Can A Christian Be A Libertarian?

I think the question starts off on the wrong foot. After 5+ years of reading, I am no longer convinced that a Christian can be anything but a libertarian.

Once you realize what markets are and how they work … and what governments are and how they work, I don’t think there’s much alternative.

Can a Christian be a libertarian? – Guest Voices – The Washington Post: Christians in American politics have argued for years that God endorses the political agenda of Republicans or Democrats, but is there a third way to think about the relationship between God and government?

Christians from the left and the right are increasingly turning to libertarianism not because it is a “middle ground,” but because it is an entirely different way of thinking about government and power.

The core of libertarianism is the non-aggression principle: that the initiation of force against person and property is immoral, and it is in many respects a kind of political corollary to the Golden Rule. Thus, Christian libertarians think that government power should be limited, sound money and truly free markets should return, aggressive war must cease and civil liberties must be preserved. Despite objections raised by other Christians, many Christian libertarians have found a friend in Texas congressional representative, presidential candidate, and lifelong Christian Dr. Ron Paul, because he also believes in these important principles.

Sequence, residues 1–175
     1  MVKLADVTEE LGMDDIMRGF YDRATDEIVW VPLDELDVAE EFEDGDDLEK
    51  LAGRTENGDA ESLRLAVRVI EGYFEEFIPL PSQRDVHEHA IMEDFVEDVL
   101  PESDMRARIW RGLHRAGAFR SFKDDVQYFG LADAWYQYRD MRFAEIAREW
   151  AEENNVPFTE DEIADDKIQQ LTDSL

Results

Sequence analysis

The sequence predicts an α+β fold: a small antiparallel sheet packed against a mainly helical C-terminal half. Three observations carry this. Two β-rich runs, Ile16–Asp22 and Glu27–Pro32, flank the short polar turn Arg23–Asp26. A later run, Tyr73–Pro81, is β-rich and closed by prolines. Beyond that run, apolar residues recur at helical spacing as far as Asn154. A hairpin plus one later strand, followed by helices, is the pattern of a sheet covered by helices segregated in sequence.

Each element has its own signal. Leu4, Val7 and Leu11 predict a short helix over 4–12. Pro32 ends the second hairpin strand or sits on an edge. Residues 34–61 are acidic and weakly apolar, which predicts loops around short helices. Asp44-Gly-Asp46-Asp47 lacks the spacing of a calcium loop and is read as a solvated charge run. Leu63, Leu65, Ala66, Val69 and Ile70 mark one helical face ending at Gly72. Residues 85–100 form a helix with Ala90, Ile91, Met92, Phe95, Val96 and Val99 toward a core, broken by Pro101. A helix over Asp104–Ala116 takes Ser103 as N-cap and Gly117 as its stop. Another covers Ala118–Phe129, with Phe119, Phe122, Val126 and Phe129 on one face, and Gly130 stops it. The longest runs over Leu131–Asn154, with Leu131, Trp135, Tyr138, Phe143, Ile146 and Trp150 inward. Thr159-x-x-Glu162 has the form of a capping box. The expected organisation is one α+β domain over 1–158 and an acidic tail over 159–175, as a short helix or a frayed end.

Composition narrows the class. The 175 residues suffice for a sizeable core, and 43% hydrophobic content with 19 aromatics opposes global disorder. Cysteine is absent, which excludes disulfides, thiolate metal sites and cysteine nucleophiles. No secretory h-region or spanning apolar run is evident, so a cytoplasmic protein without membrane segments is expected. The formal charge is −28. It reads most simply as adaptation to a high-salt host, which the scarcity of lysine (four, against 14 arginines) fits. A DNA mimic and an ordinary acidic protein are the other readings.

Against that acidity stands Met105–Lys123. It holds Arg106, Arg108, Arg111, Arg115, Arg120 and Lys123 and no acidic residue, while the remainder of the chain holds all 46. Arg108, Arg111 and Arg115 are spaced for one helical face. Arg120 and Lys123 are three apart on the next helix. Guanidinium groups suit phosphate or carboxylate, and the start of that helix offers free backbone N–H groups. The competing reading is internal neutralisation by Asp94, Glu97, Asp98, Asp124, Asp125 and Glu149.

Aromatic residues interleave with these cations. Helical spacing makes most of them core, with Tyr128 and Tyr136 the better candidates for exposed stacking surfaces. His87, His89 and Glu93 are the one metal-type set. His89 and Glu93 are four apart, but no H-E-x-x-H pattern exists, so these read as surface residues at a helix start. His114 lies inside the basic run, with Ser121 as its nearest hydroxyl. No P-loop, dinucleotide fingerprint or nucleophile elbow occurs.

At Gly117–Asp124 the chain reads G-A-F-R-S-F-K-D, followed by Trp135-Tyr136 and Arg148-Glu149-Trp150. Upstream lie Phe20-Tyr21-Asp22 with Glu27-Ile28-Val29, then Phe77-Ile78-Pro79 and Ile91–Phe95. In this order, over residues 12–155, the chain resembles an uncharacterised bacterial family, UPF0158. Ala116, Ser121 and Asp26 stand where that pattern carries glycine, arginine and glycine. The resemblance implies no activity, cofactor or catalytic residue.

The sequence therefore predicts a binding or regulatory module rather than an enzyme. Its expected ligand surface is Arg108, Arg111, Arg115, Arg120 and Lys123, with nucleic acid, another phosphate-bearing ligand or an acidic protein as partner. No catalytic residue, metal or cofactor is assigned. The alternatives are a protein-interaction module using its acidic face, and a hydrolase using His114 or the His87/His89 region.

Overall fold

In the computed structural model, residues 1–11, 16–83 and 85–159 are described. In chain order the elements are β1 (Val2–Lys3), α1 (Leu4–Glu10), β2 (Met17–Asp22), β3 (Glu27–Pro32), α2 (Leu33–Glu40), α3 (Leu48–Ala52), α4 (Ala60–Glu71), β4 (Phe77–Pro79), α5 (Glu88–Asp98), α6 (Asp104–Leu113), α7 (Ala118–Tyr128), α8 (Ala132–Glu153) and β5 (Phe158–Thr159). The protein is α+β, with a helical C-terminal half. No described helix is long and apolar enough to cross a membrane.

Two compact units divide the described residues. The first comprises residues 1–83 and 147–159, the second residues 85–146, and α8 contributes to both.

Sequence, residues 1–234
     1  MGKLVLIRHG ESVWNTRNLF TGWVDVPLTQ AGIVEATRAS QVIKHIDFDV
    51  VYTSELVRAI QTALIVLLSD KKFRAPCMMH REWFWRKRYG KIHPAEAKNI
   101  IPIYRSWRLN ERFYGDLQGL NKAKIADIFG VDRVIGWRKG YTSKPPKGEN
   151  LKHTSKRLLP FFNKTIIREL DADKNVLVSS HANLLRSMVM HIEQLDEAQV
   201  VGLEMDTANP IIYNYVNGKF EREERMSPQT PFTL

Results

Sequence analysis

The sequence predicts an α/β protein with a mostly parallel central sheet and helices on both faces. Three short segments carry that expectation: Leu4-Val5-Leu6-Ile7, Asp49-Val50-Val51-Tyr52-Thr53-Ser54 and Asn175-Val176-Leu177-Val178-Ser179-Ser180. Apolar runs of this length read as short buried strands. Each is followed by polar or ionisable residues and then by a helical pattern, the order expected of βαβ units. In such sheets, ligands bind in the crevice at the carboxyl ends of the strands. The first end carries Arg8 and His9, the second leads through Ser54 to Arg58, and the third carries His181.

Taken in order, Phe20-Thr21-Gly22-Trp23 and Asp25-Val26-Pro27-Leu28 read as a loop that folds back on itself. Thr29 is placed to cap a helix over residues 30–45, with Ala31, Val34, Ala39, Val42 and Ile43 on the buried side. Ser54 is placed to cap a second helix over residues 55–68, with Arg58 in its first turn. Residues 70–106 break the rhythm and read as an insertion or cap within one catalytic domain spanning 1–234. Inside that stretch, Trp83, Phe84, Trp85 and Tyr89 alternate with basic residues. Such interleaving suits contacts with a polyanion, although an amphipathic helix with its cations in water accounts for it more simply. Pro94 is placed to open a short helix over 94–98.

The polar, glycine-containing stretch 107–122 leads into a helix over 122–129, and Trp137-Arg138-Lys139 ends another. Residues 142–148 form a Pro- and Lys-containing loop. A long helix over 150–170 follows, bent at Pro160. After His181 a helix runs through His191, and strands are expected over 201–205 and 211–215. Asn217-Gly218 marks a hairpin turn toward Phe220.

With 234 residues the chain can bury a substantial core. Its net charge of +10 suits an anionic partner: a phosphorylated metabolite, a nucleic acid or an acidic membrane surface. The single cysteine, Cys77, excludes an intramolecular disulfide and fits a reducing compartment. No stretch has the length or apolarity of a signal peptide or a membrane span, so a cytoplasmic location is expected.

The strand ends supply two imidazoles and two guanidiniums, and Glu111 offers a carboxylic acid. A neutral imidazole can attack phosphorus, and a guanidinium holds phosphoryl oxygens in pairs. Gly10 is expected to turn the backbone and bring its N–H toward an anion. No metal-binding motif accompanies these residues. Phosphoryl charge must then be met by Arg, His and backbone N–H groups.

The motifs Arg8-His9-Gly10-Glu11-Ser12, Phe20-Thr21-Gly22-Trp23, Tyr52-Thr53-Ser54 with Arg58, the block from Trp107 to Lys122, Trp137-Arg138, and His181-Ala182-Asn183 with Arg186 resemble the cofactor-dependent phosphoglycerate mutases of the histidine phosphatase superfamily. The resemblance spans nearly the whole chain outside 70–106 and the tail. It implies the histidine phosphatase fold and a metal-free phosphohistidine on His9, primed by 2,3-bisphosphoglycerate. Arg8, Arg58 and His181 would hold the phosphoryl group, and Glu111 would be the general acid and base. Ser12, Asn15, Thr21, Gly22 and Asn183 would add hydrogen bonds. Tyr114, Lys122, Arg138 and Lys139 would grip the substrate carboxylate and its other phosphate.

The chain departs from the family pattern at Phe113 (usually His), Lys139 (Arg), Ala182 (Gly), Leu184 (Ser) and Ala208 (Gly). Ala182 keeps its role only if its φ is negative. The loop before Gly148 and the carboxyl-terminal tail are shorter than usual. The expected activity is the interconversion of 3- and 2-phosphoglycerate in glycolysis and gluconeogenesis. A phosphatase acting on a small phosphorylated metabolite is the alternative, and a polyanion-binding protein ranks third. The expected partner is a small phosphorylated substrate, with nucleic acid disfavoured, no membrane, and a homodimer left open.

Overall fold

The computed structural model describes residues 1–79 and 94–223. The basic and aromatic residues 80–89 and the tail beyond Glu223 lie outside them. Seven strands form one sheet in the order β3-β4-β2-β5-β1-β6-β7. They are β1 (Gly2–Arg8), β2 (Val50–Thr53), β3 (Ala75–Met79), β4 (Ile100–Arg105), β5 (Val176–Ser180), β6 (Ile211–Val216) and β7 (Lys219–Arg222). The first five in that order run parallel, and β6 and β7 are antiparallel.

• Ryan

    I have been a christian (Mennonite) all my life.  I have become a libertarian after some years of thinking about it and realizing that to tell other what they cannot do and then using force on them to back up these laws is not something I can support nor do I think God would.  And I have no problem keeping the two separate.  I hate drugs and think they can really harm people, but I fully believe they should be completely legal and “the war on drugs” is much much much more harmful and huge waste of time and money.  It is better to offer help and support than to go to war anytime. 


    • speedmaster

      Thanks for the thoughtful comment, Ryan.

  • Michael E. Marotta

    I think that whatever you are is pretty much a matter of who you are inside.  Specific ideologies are irrelevant.  You bring yourself to a political philosophy based on what reflects your view of yourself.  Also, for the record, Congressman Ron Paul may well be a loquacious defender of laissez faire in most markets.  He nonetheless holds many traditionalists conservative views. 

    • veritasrex

      Right, but those are his personal, traditionalist views and if you know Congressman Paul you know that he’s never advocated putting those views into legislation. 

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